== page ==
A liquid line 26 leads from a lower location in the tank 14 and includes a remote-control valve 28 which is opened or shut by a signal which it receives from the control system 18. The liquid line 26 contains a tee 30, the purpose of which is explained hereinafter, and connects to a first heat-exchanger or vaporizer 32. In order to prevent the solid CO2 portion of the slush in the tank 14 from being carried through the liquid line 26, a suitable separator 34, as for example a screen of appropriate mesh size, is provided about the entrance to the liquid line. The separator 34 may be used in conjunction with other means, as hereinafter explained.
The vaporizer 32 can be located in a lower portion of the enclosure 16 in the cargo compartment so that gravity can be relied upon to assure the flow of liquid CO2 from the upper location of the storage tank 14. Alternatively, a flow inducing device, for example a pump, can be included in the liquid line 26 to assure satisfactory flow. An example of a pump which performs a dual function is described and illustrated with respect to the FIG. 3 embodiment.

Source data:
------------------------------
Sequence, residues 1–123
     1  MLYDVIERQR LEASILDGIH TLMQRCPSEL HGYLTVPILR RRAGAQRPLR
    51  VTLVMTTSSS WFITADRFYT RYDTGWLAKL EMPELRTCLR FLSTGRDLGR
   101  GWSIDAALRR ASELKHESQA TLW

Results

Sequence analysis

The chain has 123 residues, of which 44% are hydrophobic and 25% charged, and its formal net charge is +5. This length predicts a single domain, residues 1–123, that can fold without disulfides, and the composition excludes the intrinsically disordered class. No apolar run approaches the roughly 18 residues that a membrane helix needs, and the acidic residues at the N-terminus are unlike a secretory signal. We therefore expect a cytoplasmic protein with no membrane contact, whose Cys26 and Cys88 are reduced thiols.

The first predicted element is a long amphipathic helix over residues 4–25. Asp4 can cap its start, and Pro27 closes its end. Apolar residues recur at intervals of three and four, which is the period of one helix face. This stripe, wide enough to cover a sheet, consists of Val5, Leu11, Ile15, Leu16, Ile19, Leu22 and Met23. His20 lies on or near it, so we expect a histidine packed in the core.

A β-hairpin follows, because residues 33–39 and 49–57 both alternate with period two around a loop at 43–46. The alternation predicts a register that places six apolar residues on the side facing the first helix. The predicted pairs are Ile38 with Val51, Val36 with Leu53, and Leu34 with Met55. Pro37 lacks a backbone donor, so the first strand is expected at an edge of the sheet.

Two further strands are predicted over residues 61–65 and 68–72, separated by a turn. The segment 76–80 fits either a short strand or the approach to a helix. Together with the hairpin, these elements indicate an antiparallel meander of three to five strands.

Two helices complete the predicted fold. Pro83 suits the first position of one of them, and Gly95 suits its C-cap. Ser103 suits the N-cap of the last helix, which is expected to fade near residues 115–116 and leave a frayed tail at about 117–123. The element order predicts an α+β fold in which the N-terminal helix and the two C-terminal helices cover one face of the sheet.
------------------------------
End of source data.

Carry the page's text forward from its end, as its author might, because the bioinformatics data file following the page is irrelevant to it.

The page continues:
When the control system is actuated, a temperature sensor 34 appropriately located in the cargo compartment 12 reads the temperature and appropriately causes cooling to be effected by opening the valve 28. The exterior surface of the vaporizer 32 is formed with an extended heat-exchange surface, for example, transversely or radially extending fins, and its length or capacity is designed so that the latent heat of evaporation of all of the cryogen plus some sensible heat will be absorbed in the vaporizer 32. A sensor 36 may be provided at the outlet from the vaporizer 32 which will cause the control system 18 to promptly close the feed valve 28 should the presence of liquid, or vapor of too cold a temperature, be detected. Preferably, the system is such that the cryogen vapor will also absorb sufficient sensible heat in the vaporizer to prevent the formation of snow in subsequent operations. For example, CO2 vapor might be warmed to about -30° F. or higher.